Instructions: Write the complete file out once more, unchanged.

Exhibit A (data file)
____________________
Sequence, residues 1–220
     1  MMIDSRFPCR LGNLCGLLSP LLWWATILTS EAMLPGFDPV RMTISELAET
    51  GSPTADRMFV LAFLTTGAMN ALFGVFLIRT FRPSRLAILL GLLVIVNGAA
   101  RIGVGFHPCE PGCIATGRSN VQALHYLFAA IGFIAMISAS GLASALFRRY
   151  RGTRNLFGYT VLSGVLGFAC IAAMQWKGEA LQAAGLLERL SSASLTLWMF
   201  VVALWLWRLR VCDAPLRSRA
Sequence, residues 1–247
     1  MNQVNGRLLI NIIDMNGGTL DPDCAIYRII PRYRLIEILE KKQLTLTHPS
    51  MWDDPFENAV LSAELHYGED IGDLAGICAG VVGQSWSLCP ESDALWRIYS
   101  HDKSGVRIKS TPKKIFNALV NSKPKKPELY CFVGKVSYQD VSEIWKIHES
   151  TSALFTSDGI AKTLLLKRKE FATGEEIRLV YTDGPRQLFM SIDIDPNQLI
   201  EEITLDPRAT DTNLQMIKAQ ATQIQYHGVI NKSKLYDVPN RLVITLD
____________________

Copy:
Sequence, residues 1–220
     1  MMIDSRFPCR LGNLCGLLSP LLWWATILTS EAMLPGFDPV RMTISELAET
    51  GSPTADRMFV LAFLTTGAMN ALFGVFLIRT FRPSRLAILL GLLVIVNGAA
   101  RIGVGFHPCE PGCIATGRSN VQALHYLFAA IGFIAMISAS GLASALFRRY
   151  RGTRNLFGYT VLSGVLGFAC IAAMQWKGEA LQAAGLLERL SSASLTLWMF
   201  VVALWLWRLR VCDAPLRSRA
Sequence, residues 1–247
     1  MNQVNGRLLI NIIDMNGGTL DPDCAIYRII PRYRLIEILE KKQLTLTHPS
    51  MWDDPFENAV LSAELHYGED IGDLAGICAG VVGQSWSLCP ESDALWRIYS
   101  HDKSGVRIKS TPKKIFNALV NSKPKKPELY CFVGKVSYQD VSEIWKIHES
   151  TSALFTSDGI AKTLLLKRKE FATGEEIRLV YTDGPRQLFM SIDIDPNQLI
   201  EEITLDPRAT DTNLQMIKAQ ATQIQYHGVI NKSKLYDVPN RLVITLD